Many of us are currently in self-isolation mode, at home, and probably a little bored and frustrated. There is probably no better time for all of us to take up, or continue to practice, meditation than now. Just in time for Global Nyepi 2020, I wanted to see if I could play a small role, and share this as part of my own personal development process. That is what these posts are for.
This four-part series includes posts on:
- Super beginners guide to meditation
- Loving-kindness meditation
- Centering meditation
- 30-minute self-guided meditation
So, welcome to this exercise! The idea here is to have a simple introduction into a completely self-guided and 30-minute long meditation. This means no interruptions, just you left alone with your own mind. Often, this method of meditation is called “unguided”. But really all it means is that you are guiding yourself from within, rather than with something or someone on the outside. So, it’s not really unguided, it is more that you become your own guide. So, self-guided.
Personally, I have found this method to be simpler after learning some of the basics of meditation. How to notice your thoughts, and even simple things like how to breathe and finding the right posture for yourself. You can think of these things like training wheels for meditation, which can be best learned through a guided or mentored process. Such as, using an app on your phone, recordings, or even an in-person mediator. In externally-guided meditations, I found the guidance to be more of an interruption after a while, and more difficult to enter into and achieve a meditative state. As a solo process, entering into self-guided meditation means that you might be ready to take these training wheels off, and take things to the next level.
Like with any exercise, doing this consistently over time as part of a dedicated ritual or routine is the best way to attain the most benefits. For me, I like to do it first thing in the morning after showering, while allowing myself to dry off naturally. By doing it first thing in the morning, it allows me to start each day with a calm, relaxed state of mind, ready to face any challenges of the coming day.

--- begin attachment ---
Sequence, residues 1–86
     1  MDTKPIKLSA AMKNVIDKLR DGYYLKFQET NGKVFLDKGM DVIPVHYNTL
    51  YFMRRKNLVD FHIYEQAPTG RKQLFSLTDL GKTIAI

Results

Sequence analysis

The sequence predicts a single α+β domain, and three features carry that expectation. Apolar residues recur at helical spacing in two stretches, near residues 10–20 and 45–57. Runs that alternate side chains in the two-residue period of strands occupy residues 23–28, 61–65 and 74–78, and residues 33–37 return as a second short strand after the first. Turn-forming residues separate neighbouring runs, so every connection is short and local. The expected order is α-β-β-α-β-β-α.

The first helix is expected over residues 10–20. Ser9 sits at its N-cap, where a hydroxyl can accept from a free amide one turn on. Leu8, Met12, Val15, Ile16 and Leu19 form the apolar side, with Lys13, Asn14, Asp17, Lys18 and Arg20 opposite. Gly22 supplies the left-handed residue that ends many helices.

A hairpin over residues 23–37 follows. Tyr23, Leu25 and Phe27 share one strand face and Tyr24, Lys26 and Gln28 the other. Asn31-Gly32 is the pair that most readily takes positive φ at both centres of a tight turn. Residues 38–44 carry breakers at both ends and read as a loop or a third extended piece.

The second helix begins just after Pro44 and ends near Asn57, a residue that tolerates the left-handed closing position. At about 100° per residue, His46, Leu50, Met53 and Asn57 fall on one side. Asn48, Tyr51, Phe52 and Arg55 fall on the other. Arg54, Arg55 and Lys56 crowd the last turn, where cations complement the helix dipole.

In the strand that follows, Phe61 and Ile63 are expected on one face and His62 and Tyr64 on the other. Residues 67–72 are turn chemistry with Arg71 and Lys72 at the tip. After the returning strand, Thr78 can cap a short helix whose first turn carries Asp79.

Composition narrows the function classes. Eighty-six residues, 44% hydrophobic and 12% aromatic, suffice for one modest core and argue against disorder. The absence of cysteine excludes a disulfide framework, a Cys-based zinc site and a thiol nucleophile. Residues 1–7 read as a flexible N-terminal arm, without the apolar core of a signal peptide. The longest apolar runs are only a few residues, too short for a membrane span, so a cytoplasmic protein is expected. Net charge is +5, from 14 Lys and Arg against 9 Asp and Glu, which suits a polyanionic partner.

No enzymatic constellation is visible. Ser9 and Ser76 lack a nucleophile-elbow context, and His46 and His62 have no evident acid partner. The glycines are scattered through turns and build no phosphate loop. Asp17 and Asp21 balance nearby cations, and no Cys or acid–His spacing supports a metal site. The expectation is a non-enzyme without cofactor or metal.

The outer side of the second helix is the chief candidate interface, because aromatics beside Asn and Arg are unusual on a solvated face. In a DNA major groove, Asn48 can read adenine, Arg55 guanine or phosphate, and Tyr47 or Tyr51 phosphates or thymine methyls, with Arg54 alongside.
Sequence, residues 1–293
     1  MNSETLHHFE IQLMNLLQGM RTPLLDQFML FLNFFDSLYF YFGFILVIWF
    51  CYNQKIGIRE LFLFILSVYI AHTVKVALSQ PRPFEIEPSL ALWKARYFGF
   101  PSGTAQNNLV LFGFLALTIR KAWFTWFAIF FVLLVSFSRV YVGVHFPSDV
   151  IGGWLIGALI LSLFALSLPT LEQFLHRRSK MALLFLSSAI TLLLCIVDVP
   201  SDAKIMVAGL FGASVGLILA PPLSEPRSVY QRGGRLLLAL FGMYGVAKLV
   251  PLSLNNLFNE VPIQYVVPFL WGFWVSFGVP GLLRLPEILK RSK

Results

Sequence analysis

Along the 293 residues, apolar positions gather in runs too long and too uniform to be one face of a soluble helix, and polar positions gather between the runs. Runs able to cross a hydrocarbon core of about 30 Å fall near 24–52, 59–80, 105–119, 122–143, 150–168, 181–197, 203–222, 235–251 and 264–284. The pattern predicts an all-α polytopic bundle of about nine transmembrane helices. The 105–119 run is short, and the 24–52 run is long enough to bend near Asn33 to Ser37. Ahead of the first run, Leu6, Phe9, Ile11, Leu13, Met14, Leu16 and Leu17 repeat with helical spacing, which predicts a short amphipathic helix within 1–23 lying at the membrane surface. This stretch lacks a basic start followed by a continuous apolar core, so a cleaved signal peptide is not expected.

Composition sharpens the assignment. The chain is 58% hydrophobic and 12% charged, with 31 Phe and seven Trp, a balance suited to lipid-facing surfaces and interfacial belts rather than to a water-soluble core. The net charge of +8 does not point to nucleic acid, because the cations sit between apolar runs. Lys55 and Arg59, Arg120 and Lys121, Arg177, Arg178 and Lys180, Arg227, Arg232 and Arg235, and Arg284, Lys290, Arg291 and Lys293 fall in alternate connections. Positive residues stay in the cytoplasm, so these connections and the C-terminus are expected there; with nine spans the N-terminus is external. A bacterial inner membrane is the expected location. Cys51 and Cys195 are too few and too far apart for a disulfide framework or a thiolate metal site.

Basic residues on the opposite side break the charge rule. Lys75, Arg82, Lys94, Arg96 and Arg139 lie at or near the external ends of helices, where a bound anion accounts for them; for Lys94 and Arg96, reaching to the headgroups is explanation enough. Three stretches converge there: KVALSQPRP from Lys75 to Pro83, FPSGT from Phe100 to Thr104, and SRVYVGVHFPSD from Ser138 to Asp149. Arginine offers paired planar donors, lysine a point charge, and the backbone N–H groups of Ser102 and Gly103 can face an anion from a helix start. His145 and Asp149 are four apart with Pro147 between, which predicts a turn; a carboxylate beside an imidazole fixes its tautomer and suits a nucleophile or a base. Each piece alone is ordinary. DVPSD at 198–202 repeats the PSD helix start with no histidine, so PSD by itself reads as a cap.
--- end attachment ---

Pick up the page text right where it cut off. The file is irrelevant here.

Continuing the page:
Another helpful analogy might be to think of an externally guided meditation like having a tour guide. Your mind is like a beautiful, unexplored cavern. Your guide can shine their flashlight and illuminate parts of this cavern for you. They can also show you the different ways of how to look around the cavern. But a self-guided process is like training yourself to see the whole cavern for yourself, by slowly allowing yourself to see better in the dark. You can decide what to explore and what to visualise. Bit by bit, a more complete picture of this incredible space will emerge.
What I found after practice was that self-guided meditation allowed me to get into a free flow state faster. Rather than relying on an external guide, relying on my own mind meant that I had to learn to adapt faster. I also found it to be more intense in training my mind, to notice when it was chattering away into overdrive, and return to that gentle focus on breathing. Because of this, it can be a little more challenging. So do not worry at all if you find your mind wandering more than usual to begin with.
You can do this exercise using meditation music if you like, or in complete silence. For me, I prefer silence, and to situate myself in a place where there is either little or no external sound, beyond just natural ambience. This choice will be simply down to your own personal preference. It might be worth playing with different music or ambiences to see if any of them resonate with you particularly well. Every single person who meditates will experience it differently and have their own preferences. That is just one of the things that makes meditation so unique and valuable.
What I usually find is that for the first 5, 10 or 15 minutes or so, my mind tends to wander quite a bit. Lots of thoughts come in, usually whatever has been most on my mind recently. Spending this time really training that focus on your breathing can be valuable. Exercising those mental muscles. Not too much focus, not too little, just that gentle acceptance that comes with practice.